Lessons the Private Sector should learn about ILS
Having proved itself to be a valuable tool to effectively manage and minimise the risks of any project, Integrated Logistic Support (ILS) is now mandatory for all UK defence contracts, whether it’s delivering the next aircraft carrier, armoured fighting vehicle, or fast jet.
Such is its success, the private sector is now beginning to follow suit. Writing for Defence Online, Trevor Hirst, Operations Director at ILS consultancy Quorum, looks at the lessons that industries such as oil and gas, rail and healthcare could learn from the defence sector’s lead on ILS.
The Risk Management and ILS collaboration
There is a vast and complex operating structure in place within the Armed Forces, with £8.7bn spent on equipment and infrastructure alone in 2016/17. Employing approximately 11,500 civil servants and military personnel, the MoD’s Defence Equipment and Support arm is responsible for the procurement of everything from ships and submarines to vehicles and weapons.
A strict operating structure for procurement is relied on to ensure consistent and effective project management from the moment a contract is signed until equipment becomes obsolete. This risk-management focus isn’t just advantageous, it’s project critical. And ILS acts as the foundation underpinning the success of every project undertaken.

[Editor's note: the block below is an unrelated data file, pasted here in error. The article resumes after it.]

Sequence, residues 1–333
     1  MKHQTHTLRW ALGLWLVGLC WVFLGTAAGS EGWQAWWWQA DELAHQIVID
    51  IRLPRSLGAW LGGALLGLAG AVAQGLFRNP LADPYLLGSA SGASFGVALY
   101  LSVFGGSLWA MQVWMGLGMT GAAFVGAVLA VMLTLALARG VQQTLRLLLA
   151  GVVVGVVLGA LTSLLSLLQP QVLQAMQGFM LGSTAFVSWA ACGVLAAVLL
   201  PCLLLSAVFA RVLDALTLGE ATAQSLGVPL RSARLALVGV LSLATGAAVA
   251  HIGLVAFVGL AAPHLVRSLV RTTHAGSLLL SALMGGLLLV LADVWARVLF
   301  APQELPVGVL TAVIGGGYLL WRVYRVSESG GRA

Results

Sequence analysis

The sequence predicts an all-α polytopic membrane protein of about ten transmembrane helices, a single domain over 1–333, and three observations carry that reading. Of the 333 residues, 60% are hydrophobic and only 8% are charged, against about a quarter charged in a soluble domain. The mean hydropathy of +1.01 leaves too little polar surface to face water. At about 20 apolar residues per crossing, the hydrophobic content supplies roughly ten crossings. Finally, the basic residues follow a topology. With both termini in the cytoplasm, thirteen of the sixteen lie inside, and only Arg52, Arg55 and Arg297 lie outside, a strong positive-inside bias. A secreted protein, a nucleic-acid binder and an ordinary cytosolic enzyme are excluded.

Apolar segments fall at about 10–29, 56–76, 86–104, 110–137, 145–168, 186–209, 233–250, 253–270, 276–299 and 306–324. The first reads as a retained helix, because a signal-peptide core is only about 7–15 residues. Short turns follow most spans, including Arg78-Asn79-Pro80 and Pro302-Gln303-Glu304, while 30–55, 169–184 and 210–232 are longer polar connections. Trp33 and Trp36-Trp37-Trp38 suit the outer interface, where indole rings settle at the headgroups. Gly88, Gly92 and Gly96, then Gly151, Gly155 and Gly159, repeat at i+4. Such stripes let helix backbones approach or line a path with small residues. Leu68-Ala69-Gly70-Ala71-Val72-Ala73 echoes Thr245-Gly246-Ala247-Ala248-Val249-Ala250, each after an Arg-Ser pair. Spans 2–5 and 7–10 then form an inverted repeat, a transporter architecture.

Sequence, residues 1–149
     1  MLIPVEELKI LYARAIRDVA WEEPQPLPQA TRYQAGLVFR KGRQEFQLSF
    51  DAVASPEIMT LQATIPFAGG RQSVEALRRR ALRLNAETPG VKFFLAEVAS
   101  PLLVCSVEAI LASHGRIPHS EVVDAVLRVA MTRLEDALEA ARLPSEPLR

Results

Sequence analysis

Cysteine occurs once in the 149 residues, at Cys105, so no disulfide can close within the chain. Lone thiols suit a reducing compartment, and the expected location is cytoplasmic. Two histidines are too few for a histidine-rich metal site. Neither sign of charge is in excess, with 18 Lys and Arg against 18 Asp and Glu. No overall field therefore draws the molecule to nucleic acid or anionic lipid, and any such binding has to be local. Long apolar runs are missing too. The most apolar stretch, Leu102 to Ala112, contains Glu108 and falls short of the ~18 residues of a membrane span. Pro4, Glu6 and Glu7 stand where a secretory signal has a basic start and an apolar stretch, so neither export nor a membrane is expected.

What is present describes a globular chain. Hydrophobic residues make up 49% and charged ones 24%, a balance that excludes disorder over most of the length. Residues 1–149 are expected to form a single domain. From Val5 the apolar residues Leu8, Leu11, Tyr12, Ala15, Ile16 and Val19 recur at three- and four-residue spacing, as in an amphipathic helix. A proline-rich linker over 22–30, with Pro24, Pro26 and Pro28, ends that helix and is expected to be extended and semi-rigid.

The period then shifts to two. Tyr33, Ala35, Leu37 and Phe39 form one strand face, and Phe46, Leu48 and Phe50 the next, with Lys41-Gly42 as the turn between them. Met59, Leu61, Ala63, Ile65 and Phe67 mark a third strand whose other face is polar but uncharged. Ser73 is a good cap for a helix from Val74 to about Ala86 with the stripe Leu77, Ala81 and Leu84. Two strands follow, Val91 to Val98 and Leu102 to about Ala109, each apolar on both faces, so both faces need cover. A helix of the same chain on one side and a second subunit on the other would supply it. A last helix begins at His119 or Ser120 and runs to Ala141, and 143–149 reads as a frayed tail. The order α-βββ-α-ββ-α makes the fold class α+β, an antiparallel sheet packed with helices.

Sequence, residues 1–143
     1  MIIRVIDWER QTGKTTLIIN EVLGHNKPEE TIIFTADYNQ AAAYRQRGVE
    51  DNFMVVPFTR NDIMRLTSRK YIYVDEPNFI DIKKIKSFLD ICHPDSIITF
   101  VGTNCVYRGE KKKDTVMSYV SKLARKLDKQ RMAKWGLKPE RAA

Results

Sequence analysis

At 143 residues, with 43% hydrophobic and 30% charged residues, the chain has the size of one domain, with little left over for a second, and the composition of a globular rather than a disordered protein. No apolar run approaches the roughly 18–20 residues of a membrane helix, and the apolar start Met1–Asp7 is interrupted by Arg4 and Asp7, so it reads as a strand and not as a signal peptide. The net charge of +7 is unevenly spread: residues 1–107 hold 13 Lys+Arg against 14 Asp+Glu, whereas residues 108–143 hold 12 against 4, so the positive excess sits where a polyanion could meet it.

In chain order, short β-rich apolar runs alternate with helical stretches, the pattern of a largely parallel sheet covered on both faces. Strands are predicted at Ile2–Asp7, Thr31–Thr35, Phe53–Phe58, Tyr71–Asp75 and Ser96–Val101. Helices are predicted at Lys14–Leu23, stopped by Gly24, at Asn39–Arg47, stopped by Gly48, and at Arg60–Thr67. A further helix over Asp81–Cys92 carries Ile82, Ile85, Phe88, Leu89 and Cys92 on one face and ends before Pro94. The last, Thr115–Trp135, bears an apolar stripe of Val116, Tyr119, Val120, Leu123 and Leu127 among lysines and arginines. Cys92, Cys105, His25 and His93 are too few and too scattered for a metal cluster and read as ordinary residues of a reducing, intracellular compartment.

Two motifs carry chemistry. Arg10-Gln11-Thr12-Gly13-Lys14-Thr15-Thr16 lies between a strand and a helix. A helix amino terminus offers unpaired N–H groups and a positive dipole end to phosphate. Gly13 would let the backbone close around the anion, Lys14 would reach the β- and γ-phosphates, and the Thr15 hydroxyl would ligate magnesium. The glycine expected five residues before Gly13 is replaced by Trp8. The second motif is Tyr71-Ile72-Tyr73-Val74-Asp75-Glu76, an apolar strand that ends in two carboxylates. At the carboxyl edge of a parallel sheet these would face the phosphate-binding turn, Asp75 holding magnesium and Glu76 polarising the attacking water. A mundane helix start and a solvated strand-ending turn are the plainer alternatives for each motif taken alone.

When implemented well, ILS can reduce risks associated with cost and timescales, as well as improving quality, efficiency and capability. As well as identifying the risks themselves, the process should identify solutions to mitigate those risks for the end user.
ILS was first adopted by the US in the 1950s before being trialled in the UK, and by 1993 had become mandatory for all MoD contracts worth in excess of £1m. This was expanded to include all contracts in 2010, and it is now used for everything from software projects, collaborative projects, and major upgrades, to determining Through Lifecycle Costs.
Advantages to the Private Sector
Of course, it has to be done properly and with accuracy to be effective – and strategic insight is essential to ensure consistency across all activity and with all contractors. It is only when this strategic insight and consistency is implemented that ILS can be truly effective in terms of budgeting, safety, delivery and reputation.
There are many aspects of ILS which need to be implemented correctly, including finance analysis, technical documentation, maintenance management, and the training of end users. Considerations for each aspect include determination of an optimum solution, planning support requirements, and identifying major cost drivers and risks.
Despite its complexities and its origins as a military tool, its proven effectiveness means ILS has attracted the attention of many private sector companies, who are eager to manage costs, ensure efficient supply chains, reduce maintenance requirements and prevent delays.